I recently took a weekend class on all this, and one of the most helpful things the speaker (Darrin Patrick, lead pastor of The Journey here in St. Louis and member of the Acts 29 Network) did was identify three predominant streams within the emerging movement. (If you’re interested in any of this, you can hear the same opening session I did here.)

According to Patrick, Bell floats on the “emerging conversational stream,” which is “mainly after theological revision by challenging evangelical theology.” Patrick’s other two streams are “emerging attractional,” which is mainly after methodological revision,” and “emerging incarnational,” which is “mainly after structural revision” (think ‘house church’ here).

Patrick’s filling in of the proverbial “lineup cards” was helpful, as I was able to mentally organize some of the names I knew were in the conversation. Regardless of what you call it (or which stream you prefer to float on – I’d be an “emerging attractional” guy myself), the ultimate question is not what the “emergent church” is emerging from, but what is it emerging to?

This is where Bell’s latest press becomes interesting. I’ve not read Sex God, but I have recently read Velvet Elvis. While I know Bell is a dynamic speaker and communicator, I have not heard him speak, and this was the first writing of his I’ve read. I appreciated his tone in presenting his thoughts and ideas, as his writing voice is one of gentle passion and reasonable zeal. I liked the combination.

However, this attractive combination – whether intentionally or unintentionally – provides cover for some ideas that, though sounding good, are more problematic than Bell’s tone implies. It’s not that all of what he writes seems wrong; it’s just not all of it seems right.

I think the biggest problematic area involves Bell’s theology of what and for whom Jesus’ atonement was. In many ways, Bell comes off as a universalist when he states that, “…this reality, this forgiveness, this reconciliation, is true for everybody. Paul insisted that when Jesus died on the cross, he was reconciling ‘all things, in heaven and on earth, to God’. All things, everywhere.” (146) Graham has been accused of similar universalist tendencies as well.

Without more qualification (and written in his gracious tone), Bell’s conclusion that, “Heaven is full of forgiven people God loves, whom Jesus died for” and “Hell is full of forgiven people God loves, whom Jesus died for” (146) implies a soteriology having more do with us choosing well and less to do with a Sovereign God’s limited (but completely saving) atonement as taught per the Scriptures (and clarified by the Reformed systematic).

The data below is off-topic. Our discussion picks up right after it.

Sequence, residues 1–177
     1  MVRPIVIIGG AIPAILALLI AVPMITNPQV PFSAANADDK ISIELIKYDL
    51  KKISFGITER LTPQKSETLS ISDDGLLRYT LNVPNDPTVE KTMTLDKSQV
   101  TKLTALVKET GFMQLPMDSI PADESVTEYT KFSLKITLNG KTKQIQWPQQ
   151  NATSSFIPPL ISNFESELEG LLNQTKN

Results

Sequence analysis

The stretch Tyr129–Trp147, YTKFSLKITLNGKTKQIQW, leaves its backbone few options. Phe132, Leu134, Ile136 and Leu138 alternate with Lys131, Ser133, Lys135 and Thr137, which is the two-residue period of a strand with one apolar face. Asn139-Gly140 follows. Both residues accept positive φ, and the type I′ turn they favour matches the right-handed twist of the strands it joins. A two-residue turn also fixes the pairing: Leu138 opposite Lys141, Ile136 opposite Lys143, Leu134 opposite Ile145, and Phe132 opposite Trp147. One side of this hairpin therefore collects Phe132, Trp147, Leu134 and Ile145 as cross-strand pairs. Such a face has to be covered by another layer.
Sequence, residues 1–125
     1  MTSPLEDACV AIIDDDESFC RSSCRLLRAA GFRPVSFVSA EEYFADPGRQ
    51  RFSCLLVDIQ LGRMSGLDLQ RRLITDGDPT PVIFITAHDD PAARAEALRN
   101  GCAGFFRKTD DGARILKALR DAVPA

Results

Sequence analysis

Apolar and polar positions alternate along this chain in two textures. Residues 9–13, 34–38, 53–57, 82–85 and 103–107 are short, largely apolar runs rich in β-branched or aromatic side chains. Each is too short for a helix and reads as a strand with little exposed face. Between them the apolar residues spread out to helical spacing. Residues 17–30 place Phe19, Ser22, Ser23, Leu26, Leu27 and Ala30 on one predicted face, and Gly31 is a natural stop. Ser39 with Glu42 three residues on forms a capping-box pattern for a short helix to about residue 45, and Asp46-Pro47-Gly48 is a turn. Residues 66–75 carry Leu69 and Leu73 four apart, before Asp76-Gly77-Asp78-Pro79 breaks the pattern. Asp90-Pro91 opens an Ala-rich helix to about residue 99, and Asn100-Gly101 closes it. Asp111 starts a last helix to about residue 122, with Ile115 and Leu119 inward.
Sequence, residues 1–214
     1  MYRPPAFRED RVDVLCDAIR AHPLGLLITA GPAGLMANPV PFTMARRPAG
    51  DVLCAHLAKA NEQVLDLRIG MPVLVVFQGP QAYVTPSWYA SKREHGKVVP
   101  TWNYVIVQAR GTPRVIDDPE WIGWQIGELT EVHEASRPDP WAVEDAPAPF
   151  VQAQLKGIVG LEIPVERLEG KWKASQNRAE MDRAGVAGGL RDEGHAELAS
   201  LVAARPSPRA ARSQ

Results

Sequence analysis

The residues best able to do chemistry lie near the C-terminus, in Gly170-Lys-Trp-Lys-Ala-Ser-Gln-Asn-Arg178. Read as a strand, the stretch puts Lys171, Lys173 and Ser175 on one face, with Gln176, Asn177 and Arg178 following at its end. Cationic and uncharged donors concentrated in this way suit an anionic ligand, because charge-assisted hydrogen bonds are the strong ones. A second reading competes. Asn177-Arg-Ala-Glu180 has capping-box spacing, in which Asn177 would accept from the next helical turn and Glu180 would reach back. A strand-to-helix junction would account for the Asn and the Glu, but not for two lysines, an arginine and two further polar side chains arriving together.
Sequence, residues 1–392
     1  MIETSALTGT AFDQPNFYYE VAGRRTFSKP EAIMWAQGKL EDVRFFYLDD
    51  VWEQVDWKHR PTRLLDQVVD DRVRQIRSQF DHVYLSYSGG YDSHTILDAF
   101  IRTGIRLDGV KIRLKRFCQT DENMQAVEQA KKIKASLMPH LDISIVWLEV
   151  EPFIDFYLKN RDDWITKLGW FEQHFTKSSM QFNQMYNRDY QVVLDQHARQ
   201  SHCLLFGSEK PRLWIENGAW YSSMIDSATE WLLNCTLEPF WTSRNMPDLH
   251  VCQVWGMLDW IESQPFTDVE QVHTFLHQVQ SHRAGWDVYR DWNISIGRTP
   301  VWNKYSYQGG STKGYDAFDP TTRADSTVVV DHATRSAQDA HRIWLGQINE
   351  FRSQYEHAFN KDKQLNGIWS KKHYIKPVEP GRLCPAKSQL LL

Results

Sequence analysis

Another area of concern is Bell’s leveling of the authority of “binding and loosing.” In the course of a couple short paragraphs, Bell explains how in ancient times, “…a rabbi would bind certain practices and loose other practices,” and then give his disciples the authority to do the same. He goes on to explain that Jesus followed suit with his disciples, and how we can do the same today (that is, “giving his followers the authority to make new interpretations of the Bible,” and “somehow God in heaven will be involved.” (50)

The authority Jesus gave the disciples he gave to the apostles (that is, to the twelve), and this authority does not automatically pass down to followers of Christ today, as it was an apostolic responsibility ending with the apostles and the closing of the canon of Scripture, rather than a license to reinterpret Scripture’s meaning over and over through time. I believe there was one meaning intended by the apostles, and it is our goal as disciples coming after them to affirm and adhere to it.

While these (and perhaps a few other smaller) areas were problematic for me, I did think Bell had some good things to say about a variety of things, particularly the unfortunate continuation of the sacred/secular split (85), the significance of the Sabbath (117-118), and true counter-cultural living (163). I wouldn’t say I trust all of his theological insights, but in terms of common sense observation, I think he makes some good points.

Anybody got thoughts on this?

JPod Quotes

In Books, Writers on December 10, 2007 at 2:00 am

Three favorite quotes (among others) from various characters in Douglas Coupland's JPod:

  • "You can't fake creativity, competence, or sexual arousal."
  • "After a week of intense googling, we've started to burn out knowing the answer to everything. God must feel that way all the time. I think people in the year 2020 are going to be nostalgic for the sensation of feeling clueless."
  • "It turns out that only twenty percent of human beings have a sense of irony – which means that eighty percent of the world takes everything at face value. I can't imagine anything worse than that. Okay, maybe I can, but imagine reading the morning newspaper and believing it all to be true on some level."

His storylines go nowhere and his characters are all the same, but when it comes to cultural observation wrapped in irony and realism, there's nobody better. I love Douglas Coupland.

Links for a Frigid Friday

In Pop Culture on December 7, 2007 at 6:50 am

I was hoping that, due to freezing rain and sleet last night, we’d have a snow day today. Alas, as of 5:50 a.m., it doesn’t appear to be. So, here are some links for a frigid Friday:

Owen on the Non-Efficiency of the Bible

In Books, Theologians on December 6, 2007 at 10:03 am

Puritan John Owen on why God didn’t just “give us a list” of everything we need to know that we could use more easily than the “non-efficient” nature of the Bible: